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The story of Raleigh’s Red Hat began with a fight against Microsoft

The (Raleigh) News & Observer 4/28/2023 Brian Gordon, The News & Observer (Raleigh)

“How is that possible, that one of the world’s biggest technology companies ... loses the product of the year to a company with 50 employees in the tobacco fields of North Carolina?”

Heading into 1998, the software provider Red Hat was little known outside a core of coders and computer geeks.

The 5-year-old company worked out of nondescript offices in Durham where it employed fewer than 40 people. Local press was rare, let alone national attention. Its unique approach to software, called open source, was niche, arcane and not obviously profitable. How do you build a business off a free code?

Its location didn’t help, either.

Nearly 40 years after North Carolina leaders established Research Triangle Park, the region still wasn’t known for producing major tech firms. By the late 1990s, the only homegrown star startup was the Cary analytics firm SAS Institute. A 1998 article in The Wall Street Journal listed the Research Triangle among the nation’s “second-tier technology outposts” while a Newsweek cover story from that time excluded Raleigh and Durham from its rankings of hot tech cities, instead naming Seattle, Austin and even Boise, Idaho.

The reputation of the Triangle would soon grow. Red Hat’s would, too — even faster.

By the end of 1998, the company had blasted onto the national stage as a major disrupting force in software, attracting media, investors and ardent fans worldwide.

Within two years, Red Hat would be the most valuable public company in the Triangle.

“It was kind of surreal the amount of fame you’d get for working at Red Hat,” said Joe Colopy, who started as an intern at the company in the spring of 1999. “It was just that cool.”

A quarter-century since it broke out, and despite recent news about what may be the company’s first-ever layoffs, Red Hat continues to define the area in myriad ways: delivering prestige, dollars, spinoff startups and downtown revitalization — plus an amphitheater.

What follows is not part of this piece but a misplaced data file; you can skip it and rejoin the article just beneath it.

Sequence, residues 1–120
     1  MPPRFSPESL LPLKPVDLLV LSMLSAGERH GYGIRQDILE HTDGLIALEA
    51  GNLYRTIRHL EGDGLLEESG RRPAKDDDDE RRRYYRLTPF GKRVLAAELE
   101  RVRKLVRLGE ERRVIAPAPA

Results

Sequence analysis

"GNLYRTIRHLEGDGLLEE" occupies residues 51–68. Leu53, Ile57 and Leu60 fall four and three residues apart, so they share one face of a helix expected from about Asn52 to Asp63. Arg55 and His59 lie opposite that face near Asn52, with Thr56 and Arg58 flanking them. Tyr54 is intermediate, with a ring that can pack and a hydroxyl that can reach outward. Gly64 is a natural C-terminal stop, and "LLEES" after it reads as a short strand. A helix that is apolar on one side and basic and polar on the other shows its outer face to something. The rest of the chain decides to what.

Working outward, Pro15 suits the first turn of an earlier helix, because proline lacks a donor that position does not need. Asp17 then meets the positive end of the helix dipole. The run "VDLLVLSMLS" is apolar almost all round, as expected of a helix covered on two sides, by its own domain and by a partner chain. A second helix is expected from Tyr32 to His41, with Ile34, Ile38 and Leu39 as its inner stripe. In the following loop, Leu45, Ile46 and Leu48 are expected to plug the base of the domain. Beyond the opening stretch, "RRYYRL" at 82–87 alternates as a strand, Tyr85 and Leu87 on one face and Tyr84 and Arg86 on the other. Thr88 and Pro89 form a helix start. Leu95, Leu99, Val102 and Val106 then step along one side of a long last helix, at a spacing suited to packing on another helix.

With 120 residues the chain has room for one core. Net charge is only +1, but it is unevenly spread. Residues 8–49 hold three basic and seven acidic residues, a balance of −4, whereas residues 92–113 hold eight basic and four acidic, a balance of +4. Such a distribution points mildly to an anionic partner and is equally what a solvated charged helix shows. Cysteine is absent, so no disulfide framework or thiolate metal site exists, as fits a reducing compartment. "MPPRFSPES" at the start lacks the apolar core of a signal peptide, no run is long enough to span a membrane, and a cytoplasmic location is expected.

It’s gone from a few dozen employees to thousands, from $10 million in yearly revenue to being bought by IBM for $34 billion. Every product launch or layoff round is closely tracked. Its founding ethos — an insurgent spirit promoting a then-revolutionary, now-commonplace concept of free information — lingers today.

Will Red Hat’s identity endure as it operates within its larger multinational parent? Will Raleigh or Durham lose what makes each city distinct as new corporations move in?

Other tech companies may hire more people in the region, but Red Hat is truly the Triangle’s own.

Bob Young, one of Red Hat’s two founders, pinpoints his company’s breakthrough to February 1998, when the tech magazine InfoWorld awarded its Operating System of the Year honor to Red Hat’s Linux 5.2. At the time, Microsoft controlled more than 85% of the market for operating systems, yet its omnipresent Windows 98 was bested by a little-known competitor from “a second-tier technology outpost.”

“How is that possible,” Young said, “that one of the world’s biggest technology companies, on this strategically critical product, loses the product of the year to a company with 50 employees in the tobacco fields of North Carolina?”

The answer, he would tell the many reporters who suddenly wanted to learn about his upstart company, strikes at “the beauty” of open-source software.

“Our engineering team is an order of magnitude bigger than Microsoft’s engineering team on Windows, and I don’t really care how many people they have,” Young would say. “Like they may have thousands of the smartest operating system engineers that they could scour the planet for, and we had 10,000 engineers by comparison.”

It started with a student from Finland

In 1991, a Finnish student named Linus Torvalds created a PC operating system called Linux. Rather than market his system, Torvalds famously posted its source code — its blueprint — online, allowing anyone to use Linux for free and suggest improvements.

A key advantage of Linux, Young explained, is that anyone can see its manual. Anyone, he argued, can make it better. If Linux were a car and there was an issue under the hood, its owner wouldn’t be reliant on the automaker to fix it using guarded instructions. This is the model Red Hat built its company around.